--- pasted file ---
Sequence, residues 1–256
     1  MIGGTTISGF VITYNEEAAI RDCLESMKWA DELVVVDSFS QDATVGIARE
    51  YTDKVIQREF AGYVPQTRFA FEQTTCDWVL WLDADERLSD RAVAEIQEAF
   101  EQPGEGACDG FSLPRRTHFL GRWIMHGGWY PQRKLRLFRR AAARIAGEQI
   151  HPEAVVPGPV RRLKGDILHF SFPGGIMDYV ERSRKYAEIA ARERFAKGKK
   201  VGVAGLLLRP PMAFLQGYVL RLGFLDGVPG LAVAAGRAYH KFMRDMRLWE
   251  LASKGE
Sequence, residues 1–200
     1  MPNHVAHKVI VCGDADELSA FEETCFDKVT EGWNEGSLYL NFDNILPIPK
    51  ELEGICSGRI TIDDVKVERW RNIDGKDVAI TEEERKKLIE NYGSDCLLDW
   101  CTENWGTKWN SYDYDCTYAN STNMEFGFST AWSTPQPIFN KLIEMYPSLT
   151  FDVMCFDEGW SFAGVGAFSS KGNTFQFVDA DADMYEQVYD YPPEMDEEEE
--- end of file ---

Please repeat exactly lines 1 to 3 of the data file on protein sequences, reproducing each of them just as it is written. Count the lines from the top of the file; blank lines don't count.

Sequence, residues 1–256
     1  MIGGTTISGF VITYNEEAAI RDCLESMKWA DELVVVDSFS QDATVGIARE
    51  YTDKVIQREF AGYVPQTRFA FEQTTCDWVL WLDADERLSD RAVAEIQEAF